On May 19, more than 37,000 state school teachers will stage a one-day strike against the Queensland government's pay offer. The offer would keep Queensland's teachers among the lowest paid in Australia.
The offer is for 4.5%, 4% and 4% over the three-year agreement, and comes 6 months after negotiations started and well after the expiry date of the old agreement.
Queensland Teachers Union (QTU) president Steve Ryan said on May 11 the offer was "completely inadequate".
"Teachers take industrial action as a last resort, but strike action has been made necessary by the frustration engendered by the state Labor government's continued refusal to offer fair wage increases", Ryan said.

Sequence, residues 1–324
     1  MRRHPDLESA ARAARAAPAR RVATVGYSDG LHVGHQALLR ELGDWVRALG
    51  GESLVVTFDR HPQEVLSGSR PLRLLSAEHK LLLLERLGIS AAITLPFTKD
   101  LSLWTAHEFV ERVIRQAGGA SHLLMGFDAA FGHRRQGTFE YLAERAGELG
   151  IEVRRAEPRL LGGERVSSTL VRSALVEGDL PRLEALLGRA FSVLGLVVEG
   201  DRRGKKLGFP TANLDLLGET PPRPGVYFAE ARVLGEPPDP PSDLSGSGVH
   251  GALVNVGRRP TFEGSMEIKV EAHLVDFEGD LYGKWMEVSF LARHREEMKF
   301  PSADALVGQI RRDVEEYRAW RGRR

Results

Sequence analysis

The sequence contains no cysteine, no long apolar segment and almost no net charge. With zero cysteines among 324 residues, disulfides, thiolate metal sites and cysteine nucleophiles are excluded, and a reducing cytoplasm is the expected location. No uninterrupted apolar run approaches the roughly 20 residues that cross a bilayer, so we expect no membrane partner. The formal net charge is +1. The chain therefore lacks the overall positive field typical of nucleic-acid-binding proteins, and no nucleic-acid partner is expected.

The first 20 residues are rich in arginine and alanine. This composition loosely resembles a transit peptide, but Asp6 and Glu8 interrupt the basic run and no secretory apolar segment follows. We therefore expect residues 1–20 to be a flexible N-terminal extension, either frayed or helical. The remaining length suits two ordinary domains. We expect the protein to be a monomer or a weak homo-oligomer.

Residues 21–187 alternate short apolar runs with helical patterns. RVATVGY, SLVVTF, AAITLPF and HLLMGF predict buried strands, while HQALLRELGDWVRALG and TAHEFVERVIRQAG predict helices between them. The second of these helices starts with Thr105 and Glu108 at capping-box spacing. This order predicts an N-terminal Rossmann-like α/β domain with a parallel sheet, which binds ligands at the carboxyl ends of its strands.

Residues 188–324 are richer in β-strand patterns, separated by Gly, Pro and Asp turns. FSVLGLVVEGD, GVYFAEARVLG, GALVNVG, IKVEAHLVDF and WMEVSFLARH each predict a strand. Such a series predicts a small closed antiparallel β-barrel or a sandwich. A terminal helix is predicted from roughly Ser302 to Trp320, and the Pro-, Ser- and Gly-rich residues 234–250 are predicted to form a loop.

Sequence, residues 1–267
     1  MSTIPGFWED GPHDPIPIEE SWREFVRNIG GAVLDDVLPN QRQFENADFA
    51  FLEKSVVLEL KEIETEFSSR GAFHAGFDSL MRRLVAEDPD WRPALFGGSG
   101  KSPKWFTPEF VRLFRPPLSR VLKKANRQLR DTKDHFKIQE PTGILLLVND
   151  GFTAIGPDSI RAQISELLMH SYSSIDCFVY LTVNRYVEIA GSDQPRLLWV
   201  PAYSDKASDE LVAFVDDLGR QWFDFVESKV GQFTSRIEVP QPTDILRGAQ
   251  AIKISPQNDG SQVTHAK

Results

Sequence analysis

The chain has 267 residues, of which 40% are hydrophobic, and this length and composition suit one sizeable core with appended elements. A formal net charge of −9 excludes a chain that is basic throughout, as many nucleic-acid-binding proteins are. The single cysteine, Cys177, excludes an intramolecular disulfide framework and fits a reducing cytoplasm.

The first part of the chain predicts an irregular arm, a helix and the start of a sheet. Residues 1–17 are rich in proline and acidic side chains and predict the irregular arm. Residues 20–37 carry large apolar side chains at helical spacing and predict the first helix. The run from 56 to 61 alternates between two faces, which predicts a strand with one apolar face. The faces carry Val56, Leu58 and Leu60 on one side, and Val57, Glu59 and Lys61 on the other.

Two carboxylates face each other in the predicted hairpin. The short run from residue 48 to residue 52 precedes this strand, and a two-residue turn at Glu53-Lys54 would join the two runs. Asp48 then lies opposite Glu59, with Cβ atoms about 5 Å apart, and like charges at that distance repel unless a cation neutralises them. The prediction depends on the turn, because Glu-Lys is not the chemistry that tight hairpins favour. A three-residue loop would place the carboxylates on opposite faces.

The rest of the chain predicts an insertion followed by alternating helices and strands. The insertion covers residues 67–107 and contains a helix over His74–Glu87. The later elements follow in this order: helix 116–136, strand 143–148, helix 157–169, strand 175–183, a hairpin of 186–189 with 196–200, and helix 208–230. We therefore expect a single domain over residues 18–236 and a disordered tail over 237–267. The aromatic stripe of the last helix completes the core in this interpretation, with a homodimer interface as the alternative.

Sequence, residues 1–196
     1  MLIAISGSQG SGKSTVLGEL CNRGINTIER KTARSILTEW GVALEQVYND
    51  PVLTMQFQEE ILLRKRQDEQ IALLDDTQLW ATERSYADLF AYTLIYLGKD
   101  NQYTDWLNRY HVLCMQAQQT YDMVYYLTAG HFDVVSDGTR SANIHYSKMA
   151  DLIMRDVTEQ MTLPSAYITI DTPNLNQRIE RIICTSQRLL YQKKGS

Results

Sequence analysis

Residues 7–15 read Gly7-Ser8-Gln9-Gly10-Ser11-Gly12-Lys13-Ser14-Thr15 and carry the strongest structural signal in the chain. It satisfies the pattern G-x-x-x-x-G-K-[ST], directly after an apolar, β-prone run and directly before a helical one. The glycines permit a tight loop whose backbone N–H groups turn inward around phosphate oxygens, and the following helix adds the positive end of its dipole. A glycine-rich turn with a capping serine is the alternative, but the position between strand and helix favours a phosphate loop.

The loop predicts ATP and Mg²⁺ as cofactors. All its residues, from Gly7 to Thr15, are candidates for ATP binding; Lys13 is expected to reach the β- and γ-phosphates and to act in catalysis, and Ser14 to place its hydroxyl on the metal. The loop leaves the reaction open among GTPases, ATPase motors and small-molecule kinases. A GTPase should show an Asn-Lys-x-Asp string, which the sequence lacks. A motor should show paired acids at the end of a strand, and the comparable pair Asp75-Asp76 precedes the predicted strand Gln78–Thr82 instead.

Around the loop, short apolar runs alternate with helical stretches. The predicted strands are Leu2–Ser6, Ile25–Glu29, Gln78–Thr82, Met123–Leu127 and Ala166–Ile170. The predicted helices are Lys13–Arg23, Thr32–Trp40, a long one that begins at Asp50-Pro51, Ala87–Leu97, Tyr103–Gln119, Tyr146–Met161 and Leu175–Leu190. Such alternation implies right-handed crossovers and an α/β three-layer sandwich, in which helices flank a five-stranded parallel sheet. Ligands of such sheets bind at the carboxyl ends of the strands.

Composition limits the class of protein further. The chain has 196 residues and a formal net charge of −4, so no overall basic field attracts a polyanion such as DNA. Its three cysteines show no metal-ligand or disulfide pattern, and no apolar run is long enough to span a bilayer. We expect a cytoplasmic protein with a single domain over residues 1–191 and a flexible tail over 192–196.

The government's use of the economic situation as an excuse not to award decent salaries was disingenuous, as the state Labor government did not award decent increases in the economic "good" times, said Ryan.
In statewide QTU membership ballots, more than 91% voted in favour of strike action.
QTU has asked for understanding from parents, as government neglect is leading Queensland teachers to leave the state for better paid jobs elsewhere.
The state government has a long history of confrontation with its own workforce: the ALP's own policy of industrial democracy and fair dealing is repeatedly ignored.
Disputes have erupted with many of the state's workers recently and train drivers and paramedics are two other groups in conflict with the government.